Are musicians above working for ad revenue?
Illegal downloads are certainly a problem, and I'm not sure where I stand on the issue of sharing digital music with friends and associates. But that issue aside, there remains an issue that is just as serious: How to generate revenue for the music industry? Of course the industry wants to maximize its revenue from music downloads. Technology companies want to make it easy and attractive for customers to get and use music downloads.
This week Paul McGuiness, the manager of U2, spoke at Music Matters in Hong Kong. One of his most basic complaints is that ISPs have been using music to draw in consumers and get revenue from subscribers, but that musicians aren't getting their fair share from this economic model. How can they help? He says they should filter content that goes over their high-speed connections so that the paying customers of ISPs aren't cheating musicians by sharing music. I just don't see this as a viable solution to getting more money in the hands of musicians.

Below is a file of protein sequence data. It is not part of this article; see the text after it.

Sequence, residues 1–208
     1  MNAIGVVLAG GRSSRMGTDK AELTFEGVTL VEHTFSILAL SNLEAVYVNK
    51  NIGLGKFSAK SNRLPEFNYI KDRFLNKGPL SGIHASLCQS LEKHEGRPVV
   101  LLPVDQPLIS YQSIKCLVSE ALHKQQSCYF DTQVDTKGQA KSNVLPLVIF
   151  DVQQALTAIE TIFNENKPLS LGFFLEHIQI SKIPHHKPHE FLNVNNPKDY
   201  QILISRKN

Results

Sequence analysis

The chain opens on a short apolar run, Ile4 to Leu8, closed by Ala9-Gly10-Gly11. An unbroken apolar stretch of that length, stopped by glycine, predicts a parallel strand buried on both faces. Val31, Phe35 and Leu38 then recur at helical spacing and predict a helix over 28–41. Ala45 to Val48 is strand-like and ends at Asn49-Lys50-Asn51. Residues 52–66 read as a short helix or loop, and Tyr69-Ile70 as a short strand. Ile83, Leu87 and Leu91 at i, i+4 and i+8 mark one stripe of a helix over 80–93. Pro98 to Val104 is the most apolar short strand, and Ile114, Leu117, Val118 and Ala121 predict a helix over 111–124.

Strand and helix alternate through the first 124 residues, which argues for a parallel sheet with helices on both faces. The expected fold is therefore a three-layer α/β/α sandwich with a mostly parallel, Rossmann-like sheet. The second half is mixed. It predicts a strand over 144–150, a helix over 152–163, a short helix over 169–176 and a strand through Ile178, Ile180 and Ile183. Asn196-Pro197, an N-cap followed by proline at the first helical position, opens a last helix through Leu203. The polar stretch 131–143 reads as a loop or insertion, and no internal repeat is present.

But here was one of his more interesting comments, in my opinion: That advertising-supported content is beneath musicians, and he doesn't want "artists reduced to the status of employees working for glorified ad agencies."
Is he serious? Advertising has long been supporting content on television, radio, and in print. But it's too far beneath musicians? Attitudes like that are not going to do much to bring additional revenue to the music industry, and closed-minded approaches to generating money from music don't seem to be getting the results musicians would like.
Tracy L. Coenen, CPA, MBA, CFE performs fraud examinations and financial investigations for her company Sequence Inc. Forensic Accounting, and is the author of Essentials of Corporate Fraud.